June 20, 2014 — Now it’s official. Phillip Dutton has been selected to ride in every Olympic and World Equestrian Games for the past 20 years.
Yesterday, his name was on the list of U.S. competitors chosen for the Land Rover Alltech FEI World Equestrian Games squad, along with his buddy, Boyd Martin (Shamwari 4); Buck Davidson (Ballynoe Castle RM), Sinead Halpin (Manoir de Carneville), Kim Severson (Fernhill Fearless) and Lynn Symansky (Donner).
Phillip started out at the 1994 WEG in the Netherlands with the contingent from his native Australia, the country for which he helped win two Olympic gold medals, and went on to represent the U.S. at the Olympics and the WEG after becoming a citizen.
But it has been no certainty over the last eight weeks that his streak would stretch to Normandy in August. Things started out well enough at the Rolex Kentucky 4-star selection trial in April, where his smile said it all after dressage.
Phillip usually is not one to show emotion on a grand scale, but when Mr. Medicott finished a very credible dressage test at the Kentucky Horse Park, the rider offered his version of a pleased-as-punch grin and waved at the crowd more enthusiastically than usual.
A double-clear on cross-country followed and it appeared all it would take was a decent show jumping round to clinch a fond hope of U.S. supporters — that Phillip would be headed for the WEG aboard a stellar animal who was a two-time Olympic starter.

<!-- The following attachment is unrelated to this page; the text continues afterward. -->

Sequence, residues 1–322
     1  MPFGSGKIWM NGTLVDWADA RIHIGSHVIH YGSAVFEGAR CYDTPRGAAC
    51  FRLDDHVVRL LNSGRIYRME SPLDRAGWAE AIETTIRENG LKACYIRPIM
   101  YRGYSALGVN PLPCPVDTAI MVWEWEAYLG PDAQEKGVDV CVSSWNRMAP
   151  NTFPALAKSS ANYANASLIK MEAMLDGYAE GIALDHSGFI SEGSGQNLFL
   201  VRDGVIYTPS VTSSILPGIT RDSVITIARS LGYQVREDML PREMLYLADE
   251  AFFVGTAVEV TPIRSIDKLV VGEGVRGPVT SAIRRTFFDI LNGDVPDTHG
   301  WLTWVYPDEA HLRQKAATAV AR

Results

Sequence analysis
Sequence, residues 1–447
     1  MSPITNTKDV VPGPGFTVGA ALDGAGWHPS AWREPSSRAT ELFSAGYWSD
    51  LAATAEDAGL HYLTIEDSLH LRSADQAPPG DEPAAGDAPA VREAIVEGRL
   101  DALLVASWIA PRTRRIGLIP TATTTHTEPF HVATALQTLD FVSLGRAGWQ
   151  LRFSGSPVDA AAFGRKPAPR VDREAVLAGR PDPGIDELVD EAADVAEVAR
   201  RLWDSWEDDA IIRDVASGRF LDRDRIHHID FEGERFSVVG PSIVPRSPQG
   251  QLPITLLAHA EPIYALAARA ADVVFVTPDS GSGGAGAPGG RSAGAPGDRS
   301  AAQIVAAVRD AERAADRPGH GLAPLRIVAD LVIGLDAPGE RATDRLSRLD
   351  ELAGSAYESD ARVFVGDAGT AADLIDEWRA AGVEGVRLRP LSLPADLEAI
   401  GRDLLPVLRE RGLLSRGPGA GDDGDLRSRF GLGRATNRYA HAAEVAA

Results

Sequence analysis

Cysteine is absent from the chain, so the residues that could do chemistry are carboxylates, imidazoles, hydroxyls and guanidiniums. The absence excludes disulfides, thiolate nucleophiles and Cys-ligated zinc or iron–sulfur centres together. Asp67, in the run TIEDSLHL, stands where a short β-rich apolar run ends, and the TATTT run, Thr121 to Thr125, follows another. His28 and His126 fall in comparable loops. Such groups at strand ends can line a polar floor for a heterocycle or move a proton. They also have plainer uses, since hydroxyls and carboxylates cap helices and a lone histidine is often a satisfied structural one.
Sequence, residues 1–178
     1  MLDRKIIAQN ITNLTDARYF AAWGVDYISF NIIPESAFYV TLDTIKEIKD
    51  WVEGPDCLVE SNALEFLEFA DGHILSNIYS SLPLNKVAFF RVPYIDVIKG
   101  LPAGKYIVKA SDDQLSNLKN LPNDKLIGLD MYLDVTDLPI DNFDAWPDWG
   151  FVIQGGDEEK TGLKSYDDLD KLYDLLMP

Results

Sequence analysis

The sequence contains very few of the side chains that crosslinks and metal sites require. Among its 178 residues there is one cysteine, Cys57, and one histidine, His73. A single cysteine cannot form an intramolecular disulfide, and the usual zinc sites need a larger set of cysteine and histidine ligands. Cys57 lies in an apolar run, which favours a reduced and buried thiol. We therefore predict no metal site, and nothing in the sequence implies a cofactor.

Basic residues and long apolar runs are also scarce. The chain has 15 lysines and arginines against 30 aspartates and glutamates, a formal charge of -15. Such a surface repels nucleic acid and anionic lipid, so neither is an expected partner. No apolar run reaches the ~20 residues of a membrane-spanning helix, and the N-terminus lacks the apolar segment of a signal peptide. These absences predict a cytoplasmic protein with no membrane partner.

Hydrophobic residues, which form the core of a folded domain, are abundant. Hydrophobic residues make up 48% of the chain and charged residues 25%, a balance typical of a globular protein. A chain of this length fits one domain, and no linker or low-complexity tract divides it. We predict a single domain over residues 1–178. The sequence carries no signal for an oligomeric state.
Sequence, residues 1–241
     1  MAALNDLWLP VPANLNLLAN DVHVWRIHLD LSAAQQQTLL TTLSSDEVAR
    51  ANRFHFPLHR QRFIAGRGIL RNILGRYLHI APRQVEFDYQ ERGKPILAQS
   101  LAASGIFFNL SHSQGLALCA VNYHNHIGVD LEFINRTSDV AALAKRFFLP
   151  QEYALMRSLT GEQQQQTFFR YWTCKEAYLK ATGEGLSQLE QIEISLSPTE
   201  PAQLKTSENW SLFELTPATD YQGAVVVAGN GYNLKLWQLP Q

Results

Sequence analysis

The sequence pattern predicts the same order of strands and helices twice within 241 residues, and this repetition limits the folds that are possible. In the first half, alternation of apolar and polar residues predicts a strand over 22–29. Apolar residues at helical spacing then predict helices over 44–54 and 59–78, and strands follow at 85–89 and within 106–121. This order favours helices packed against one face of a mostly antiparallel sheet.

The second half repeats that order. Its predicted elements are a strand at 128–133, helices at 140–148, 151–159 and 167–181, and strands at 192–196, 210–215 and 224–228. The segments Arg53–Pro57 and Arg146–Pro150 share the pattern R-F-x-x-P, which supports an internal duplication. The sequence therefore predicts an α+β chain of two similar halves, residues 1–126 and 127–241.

But it fell apart in less than 24 hours.
Mr. Medicott was not presented at the final horse inspection. Something went wrong, and when Rolex Kentucky 2014 was history, it emerged that the 15-year-old Irishbred son of Cruising had aggravated an old tendon injury.
Phillip nursed a bit of hope that Mr. Medicott could be back for the WEG. But the odds were against it and soon the news came that Mr. Medicott had been withdrawn from WEG consideration.
That was a blow all around.
“He is such a fabulous horse, one of the best horses in the world. Phillip just loves the horse. It was a shame it wasn’t going to happen,” said U.S. Coach David O’Connor, whose wife, Karen, rode Mr. Medicott to the top American eventing placing in the 2012 Olympics.
When Karen had a 2013 accident that ended her eventing career, the horse went to a syndicate composed of such heavy hitters as Bruce Duchossois and Annie Jones, longtime supporters of Phillip’s; Jacqueline Mars, Tom Tierney, Stephanie Speakman, Suzanne Lacey, Bridget Coleman, Caroline Moran, Sarah Kelley and Jerome Broussard.
The pairing with Phillip seemed like a dream combination.
David cited the veteran’s experience and the fact that he had no jumping penalties cross-country in five Olympics, making him an “unbelievably valuable asset.” Added David, “I don’t know of any other rider in the world that has that kind of a record.”